STEVENS, Hoddesdon, 1882-1903
Rachel Wright (stevensfamilyhistory @t solipsys.co.uk) of Port Sunlight writes: My Great-Great-Grandfather, Dr Robert Ingram Stevens was the Doctor in Hoddesdon until about 1898. [See Rathmore House, Hoddesdon]. We recently visited Hoddesdon and tried to find his grave and that of his first wife, Mary Jane Stevens (nee Randall), with no success. Do you know where they might be? I subsequently discovered that he retired to Guildford with wife number two, but my attempts to get an answer when contacting the cemetery authorities in Guildford have not been successful, so I wonder whether in fact he stipulated that he wished to be buried wife his first wife - who we couldn't find. Can you help us find the graves?
You don't give details of the relevant sources you have consulted - so a brief summary of where to look for information on the burials of the well-to-do is appropriate. While sometimes you can be lucky and find the grave you want simply by visiting the local parish church there are often problems and it is always worth checking records (or ascertain their location) before you go if you are travelling any distance.
The death certificates for his first wife, Mary Jane Stevens (registered at Ware in 1882) and Robert Ingram Stevens (registered at Guildford in 1903) will give date and place of death, although I note he was living with his second wife at Surbiton in the 1901 census which suggests another possible location for his burial. [Barry Stevens (stevensb @t xtra.co.nz) emailed to say Mary Jane Stevens died on 15th March, 1882.]
Mary Jane (as a wife in the Victorian period) probably did not leave a will, but as a professional gentleman Robert almost certainly did, and it may have included instructions for his burial. I suspect that if he had wanted to be buried with his first wife this would have been recorded explicitly in the will.
Using the date of death you could look in the local newspapers of the time. When Mary Jane died there would probably be a brief notice in The Hertfordshire Mercury or the Herts & Essex Observer (but there might be other papers which covered Hoddesdon better in 1882). The death notice would probably would not give the time and place of the funeral - and a detailed report of the funeral is less likely for Mary - although a prominent local man dying at this date may have got press coverage.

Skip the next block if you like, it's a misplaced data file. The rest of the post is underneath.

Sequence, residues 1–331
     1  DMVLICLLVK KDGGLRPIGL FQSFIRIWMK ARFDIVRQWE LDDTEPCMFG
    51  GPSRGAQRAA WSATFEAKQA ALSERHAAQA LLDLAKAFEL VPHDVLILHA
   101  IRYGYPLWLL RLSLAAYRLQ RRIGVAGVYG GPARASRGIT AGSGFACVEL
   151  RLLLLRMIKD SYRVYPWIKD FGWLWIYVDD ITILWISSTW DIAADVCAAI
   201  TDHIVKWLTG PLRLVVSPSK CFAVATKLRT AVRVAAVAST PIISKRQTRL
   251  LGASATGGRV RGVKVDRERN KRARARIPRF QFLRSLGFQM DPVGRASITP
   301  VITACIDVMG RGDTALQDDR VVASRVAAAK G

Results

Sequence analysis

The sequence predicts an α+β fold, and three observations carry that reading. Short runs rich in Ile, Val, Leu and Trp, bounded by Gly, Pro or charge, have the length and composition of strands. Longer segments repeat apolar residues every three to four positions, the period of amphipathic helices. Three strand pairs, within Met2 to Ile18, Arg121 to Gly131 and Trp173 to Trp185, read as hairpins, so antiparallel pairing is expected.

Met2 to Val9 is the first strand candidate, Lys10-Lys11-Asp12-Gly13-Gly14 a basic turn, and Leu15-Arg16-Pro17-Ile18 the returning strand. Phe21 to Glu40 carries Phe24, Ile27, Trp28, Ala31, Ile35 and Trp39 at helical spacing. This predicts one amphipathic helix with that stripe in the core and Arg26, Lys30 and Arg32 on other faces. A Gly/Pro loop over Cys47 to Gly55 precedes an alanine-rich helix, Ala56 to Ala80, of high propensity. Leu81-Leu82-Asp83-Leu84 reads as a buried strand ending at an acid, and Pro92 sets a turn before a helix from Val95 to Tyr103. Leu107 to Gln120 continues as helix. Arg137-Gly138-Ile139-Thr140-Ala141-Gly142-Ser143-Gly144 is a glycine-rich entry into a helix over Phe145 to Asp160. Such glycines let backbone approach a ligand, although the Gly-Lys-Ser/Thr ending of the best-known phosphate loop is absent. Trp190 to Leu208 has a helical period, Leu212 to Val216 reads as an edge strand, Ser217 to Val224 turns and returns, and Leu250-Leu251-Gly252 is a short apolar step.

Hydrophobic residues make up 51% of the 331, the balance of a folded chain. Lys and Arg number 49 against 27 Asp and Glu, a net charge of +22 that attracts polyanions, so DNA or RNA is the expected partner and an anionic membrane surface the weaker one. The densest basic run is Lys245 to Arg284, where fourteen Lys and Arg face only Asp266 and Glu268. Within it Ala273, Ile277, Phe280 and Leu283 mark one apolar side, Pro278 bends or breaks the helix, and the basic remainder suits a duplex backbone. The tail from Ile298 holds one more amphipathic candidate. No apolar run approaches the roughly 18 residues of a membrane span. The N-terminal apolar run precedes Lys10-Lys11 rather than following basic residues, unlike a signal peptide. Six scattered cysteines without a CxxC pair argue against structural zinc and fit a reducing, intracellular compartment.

By 1900 most local papers were larger than they had been around 1800 so longer reports of events appeared. If Robert had died in Hoddesdon there would probably have been a detailed account of the funeral of a well-known and much loved doctor in the local press (possibly with lists of mourners, etc.). However he had left Hoddesdon some years before. If he was buried at Hoddesdon the press may have mentioned it - but in less detail. If he was buried in Surrey the local Hertfordshire press would only cover it (briefly) if someone supplied details. Unless he was very active in the local community in Surrey there could be minimal coverage in the local Surry newspapers. However there may well have been a death notice (perhaps with funeral details) in The Times.
Where, within a district, Mary and/or Robert were buried would depend on their religious denomination, and whether there was a council-run cemetery. (I don't think there was a public cemetery at Hoddesdon during the relevant period - but if there was the current Borough Council should have the details and be able to give a plot number relating to the cemetery plan.) Some non-conformist chapels had their own graveyard - and the religious affiliations may lead to a burial outside the Church of England parish. If Robert was an active member of a local church or chapel (perhaps he was a churchwarden) it is just possible that there is a memorial tablet or even a stained glass window inside the appropriate church or chapel. A check of the burial registers of relevant churches or chapels might turn something up - although these will record the location of the service and not automatically give the location of the grave.
The Herts Family History Society have published details of memorial inscriptions for many Hertfordshire parishes including Hoddesdon. Not all graves had memorial stones and some have been tidied up (see The Condition of Hertfordshire Graveyards). Most wooden grave boards have decayed with time, and the very few that still exist, and are still readable, have been restored/repaired (possibly more than once). Some stone memorials - particularly ones made of a patent artificial "everlasting" stone [a real joker when you find that the stone is perfect except where the surface has fallen away where the engraved inscription had weakened the hard surface] - are no longer readable.
There is a web page for Hoddesdon
Page amended October 2008 -